Breast cancer could be sexually transmitted, says a researcher who has found the same virus that causes cervical cancer in breast cancer tumours from Australian women.
“Ten studies published since 1999 have identified the human papillomavirus in breast tumours. But more studies are needed to show how closely the two are linked”
Emeritus Professor James Lawson of the University of New South Wales and colleagues have found the same form of the human papillomavirus (HPV) associated with cervical cancer in almost half the breast tumour samples they tested. It’s the first study of its kind in Australia, although international studies have also found cervical cancer-related HPV in breast cancer cells.
He says while the evidence is far from conclusive, “it’s possible and totally worthy of investigation” to suspect that HPV could also cause breast cancer. Lawson says it’s possible that HPV is spread by sexual activity or during showers or baths, when the virus could be transferred from the genital area to the breasts via the nipple ducts.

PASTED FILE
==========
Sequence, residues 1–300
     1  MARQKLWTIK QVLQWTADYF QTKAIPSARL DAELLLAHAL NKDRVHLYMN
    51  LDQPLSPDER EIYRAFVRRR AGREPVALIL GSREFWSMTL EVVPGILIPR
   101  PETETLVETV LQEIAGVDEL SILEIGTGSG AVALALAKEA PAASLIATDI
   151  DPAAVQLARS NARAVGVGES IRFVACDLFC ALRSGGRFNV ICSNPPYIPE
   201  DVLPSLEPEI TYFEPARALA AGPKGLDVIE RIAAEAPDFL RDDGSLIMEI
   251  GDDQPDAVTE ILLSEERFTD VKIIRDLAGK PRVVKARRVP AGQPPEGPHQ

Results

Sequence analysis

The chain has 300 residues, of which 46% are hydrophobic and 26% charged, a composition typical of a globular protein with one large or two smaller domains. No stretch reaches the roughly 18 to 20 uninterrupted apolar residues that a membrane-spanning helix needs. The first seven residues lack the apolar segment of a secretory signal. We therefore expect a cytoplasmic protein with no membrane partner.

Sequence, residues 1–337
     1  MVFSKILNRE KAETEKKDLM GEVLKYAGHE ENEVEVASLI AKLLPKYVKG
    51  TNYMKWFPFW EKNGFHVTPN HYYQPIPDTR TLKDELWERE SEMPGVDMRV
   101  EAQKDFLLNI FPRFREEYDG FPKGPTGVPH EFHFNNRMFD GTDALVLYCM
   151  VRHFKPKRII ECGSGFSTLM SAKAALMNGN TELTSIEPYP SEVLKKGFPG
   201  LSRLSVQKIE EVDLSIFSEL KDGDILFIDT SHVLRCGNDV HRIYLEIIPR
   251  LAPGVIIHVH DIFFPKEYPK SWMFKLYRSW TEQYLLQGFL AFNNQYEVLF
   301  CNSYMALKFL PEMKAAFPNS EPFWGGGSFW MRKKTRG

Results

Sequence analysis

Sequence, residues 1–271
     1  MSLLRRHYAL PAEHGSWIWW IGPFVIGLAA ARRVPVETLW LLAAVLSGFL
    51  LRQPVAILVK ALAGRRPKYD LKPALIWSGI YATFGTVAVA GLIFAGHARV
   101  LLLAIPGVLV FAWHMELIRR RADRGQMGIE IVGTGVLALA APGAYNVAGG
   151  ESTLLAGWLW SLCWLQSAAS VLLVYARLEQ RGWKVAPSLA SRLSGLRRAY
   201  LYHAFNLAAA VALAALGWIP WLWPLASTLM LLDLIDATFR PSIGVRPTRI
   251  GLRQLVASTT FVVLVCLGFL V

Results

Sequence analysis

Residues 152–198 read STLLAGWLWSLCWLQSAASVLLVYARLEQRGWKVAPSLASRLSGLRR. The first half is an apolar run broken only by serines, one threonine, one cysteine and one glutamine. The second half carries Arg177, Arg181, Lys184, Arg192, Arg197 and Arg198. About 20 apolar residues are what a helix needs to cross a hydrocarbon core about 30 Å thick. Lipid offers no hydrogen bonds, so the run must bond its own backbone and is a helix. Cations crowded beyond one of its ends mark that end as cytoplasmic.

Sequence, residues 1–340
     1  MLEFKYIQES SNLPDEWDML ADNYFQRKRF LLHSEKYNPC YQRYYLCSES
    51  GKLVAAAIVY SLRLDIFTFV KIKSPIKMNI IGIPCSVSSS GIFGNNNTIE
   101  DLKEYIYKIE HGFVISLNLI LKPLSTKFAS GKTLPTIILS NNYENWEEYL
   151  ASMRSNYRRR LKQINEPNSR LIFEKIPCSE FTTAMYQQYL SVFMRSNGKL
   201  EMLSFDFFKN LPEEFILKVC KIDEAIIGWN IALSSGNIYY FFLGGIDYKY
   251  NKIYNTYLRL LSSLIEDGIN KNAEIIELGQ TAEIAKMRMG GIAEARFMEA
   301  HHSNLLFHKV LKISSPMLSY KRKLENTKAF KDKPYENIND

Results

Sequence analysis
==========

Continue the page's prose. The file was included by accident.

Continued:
“We know that the virus explodes out of the cell and is spread by touch, so it’s fairly obvious that it could be spread by sexual activity to the breast, you could also argue that it would be spread by washing and bathing,” he says. Lawson says more research is needed to establish whether HPV is actually causing the breast cancer or if women with breast cancer are more prone to infection with the virus. – abc